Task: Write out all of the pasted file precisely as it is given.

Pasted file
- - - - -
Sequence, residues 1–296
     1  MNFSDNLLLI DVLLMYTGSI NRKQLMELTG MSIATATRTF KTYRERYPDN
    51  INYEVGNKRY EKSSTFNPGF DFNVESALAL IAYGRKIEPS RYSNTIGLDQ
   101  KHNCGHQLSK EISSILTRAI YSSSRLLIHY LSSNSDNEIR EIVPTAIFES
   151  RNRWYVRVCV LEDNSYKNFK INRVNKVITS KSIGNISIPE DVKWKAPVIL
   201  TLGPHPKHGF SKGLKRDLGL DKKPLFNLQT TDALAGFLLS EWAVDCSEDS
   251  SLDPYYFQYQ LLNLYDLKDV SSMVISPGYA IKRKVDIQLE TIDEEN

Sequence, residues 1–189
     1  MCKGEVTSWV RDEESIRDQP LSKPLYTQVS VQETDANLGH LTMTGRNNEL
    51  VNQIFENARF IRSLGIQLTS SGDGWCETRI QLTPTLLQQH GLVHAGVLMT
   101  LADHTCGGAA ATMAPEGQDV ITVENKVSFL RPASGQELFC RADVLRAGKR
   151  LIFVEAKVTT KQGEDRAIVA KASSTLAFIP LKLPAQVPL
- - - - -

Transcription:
Sequence, residues 1–296
     1  MNFSDNLLLI DVLLMYTGSI NRKQLMELTG MSIATATRTF KTYRERYPDN
    51  INYEVGNKRY EKSSTFNPGF DFNVESALAL IAYGRKIEPS RYSNTIGLDQ
   101  KHNCGHQLSK EISSILTRAI YSSSRLLIHY LSSNSDNEIR EIVPTAIFES
   151  RNRWYVRVCV LEDNSYKNFK INRVNKVITS KSIGNISIPE DVKWKAPVIL
   201  TLGPHPKHGF SKGLKRDLGL DKKPLFNLQT TDALAGFLLS EWAVDCSEDS
   251  SLDPYYFQYQ LLNLYDLKDV SSMVISPGYA IKRKVDIQLE TIDEEN

Sequence, residues 1–189
     1  MCKGEVTSWV RDEESIRDQP LSKPLYTQVS VQETDANLGH LTMTGRNNEL
    51  VNQIFENARF IRSLGIQLTS SGDGWCETRI QLTPTLLQQH GLVHAGVLMT
   101  LADHTCGGAA ATMAPEGQDV ITVENKVSFL RPASGQELFC RADVLRAGKR
   151  LIFVEAKVTT KQGEDRAIVA KASSTLAFIP LKLPAQVPL